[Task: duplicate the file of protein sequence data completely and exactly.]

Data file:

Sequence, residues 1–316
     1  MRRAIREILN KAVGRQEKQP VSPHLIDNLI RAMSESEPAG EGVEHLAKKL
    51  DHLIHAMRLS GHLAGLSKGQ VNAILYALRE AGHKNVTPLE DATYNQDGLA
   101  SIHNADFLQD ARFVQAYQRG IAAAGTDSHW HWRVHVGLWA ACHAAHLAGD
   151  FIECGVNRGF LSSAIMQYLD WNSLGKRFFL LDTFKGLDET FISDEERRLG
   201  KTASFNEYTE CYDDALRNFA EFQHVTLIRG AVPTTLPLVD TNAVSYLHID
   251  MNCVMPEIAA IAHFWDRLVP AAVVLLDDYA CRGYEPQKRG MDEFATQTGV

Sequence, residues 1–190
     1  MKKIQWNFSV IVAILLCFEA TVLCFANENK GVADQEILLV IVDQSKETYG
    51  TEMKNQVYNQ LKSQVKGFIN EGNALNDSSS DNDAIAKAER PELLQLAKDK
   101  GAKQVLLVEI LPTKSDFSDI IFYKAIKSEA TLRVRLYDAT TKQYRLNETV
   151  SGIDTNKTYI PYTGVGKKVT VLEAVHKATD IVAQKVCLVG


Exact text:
Sequence, residues 1–316
     1  MRRAIREILN KAVGRQEKQP VSPHLIDNLI RAMSESEPAG EGVEHLAKKL
    51  DHLIHAMRLS GHLAGLSKGQ VNAILYALRE AGHKNVTPLE DATYNQDGLA
   101  SIHNADFLQD ARFVQAYQRG IAAAGTDSHW HWRVHVGLWA ACHAAHLAGD
   151  FIECGVNRGF LSSAIMQYLD WNSLGKRFFL LDTFKGLDET FISDEERRLG
   201  KTASFNEYTE CYDDALRNFA EFQHVTLIRG AVPTTLPLVD TNAVSYLHID
   251  MNCVMPEIAA IAHFWDRLVP AAVVLLDDYA CRGYEPQKRG MDEFATQTGV

Sequence, residues 1–190
     1  MKKIQWNFSV IVAILLCFEA TVLCFANENK GVADQEILLV IVDQSKETYG
    51  TEMKNQVYNQ LKSQVKGFIN EGNALNDSSS DNDAIAKAER PELLQLAKDK
   101  GAKQVLLVEI LPTKSDFSDI IFYKAIKSEA TLRVRLYDAT TKQYRLNETV
   151  SGIDTNKTYI PYTGVGKKVT VLEAVHKATD IVAQKVCLVG